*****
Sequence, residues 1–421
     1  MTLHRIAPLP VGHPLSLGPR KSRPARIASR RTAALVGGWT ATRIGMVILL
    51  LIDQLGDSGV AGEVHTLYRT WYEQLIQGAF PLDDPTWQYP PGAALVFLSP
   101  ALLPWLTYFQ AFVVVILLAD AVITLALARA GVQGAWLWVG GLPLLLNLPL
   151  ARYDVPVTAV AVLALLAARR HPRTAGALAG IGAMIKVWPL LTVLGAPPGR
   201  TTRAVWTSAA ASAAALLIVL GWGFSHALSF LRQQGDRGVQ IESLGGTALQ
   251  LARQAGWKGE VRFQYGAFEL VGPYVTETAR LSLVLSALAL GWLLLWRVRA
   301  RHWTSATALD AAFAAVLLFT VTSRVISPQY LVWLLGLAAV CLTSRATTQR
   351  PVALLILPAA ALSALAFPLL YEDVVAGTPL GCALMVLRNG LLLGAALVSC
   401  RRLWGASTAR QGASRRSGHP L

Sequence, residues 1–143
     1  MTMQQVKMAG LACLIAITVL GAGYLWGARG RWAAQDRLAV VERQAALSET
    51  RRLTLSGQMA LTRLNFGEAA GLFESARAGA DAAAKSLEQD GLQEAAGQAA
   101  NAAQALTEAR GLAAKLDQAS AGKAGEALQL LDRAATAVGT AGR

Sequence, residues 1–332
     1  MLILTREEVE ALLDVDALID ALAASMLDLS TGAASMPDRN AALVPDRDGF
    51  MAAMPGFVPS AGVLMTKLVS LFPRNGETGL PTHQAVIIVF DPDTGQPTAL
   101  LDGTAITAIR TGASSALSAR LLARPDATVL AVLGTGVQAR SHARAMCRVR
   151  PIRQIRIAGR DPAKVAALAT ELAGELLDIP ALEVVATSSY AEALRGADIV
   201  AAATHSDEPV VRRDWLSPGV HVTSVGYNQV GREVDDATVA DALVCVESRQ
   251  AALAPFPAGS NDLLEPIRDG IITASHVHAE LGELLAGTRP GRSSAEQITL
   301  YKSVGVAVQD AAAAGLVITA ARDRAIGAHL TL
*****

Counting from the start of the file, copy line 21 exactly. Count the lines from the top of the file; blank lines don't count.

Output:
   251  AALAPFPAGS NDLLEPIRDG IITASHVHAE LGELLAGTRP GRSSAEQITL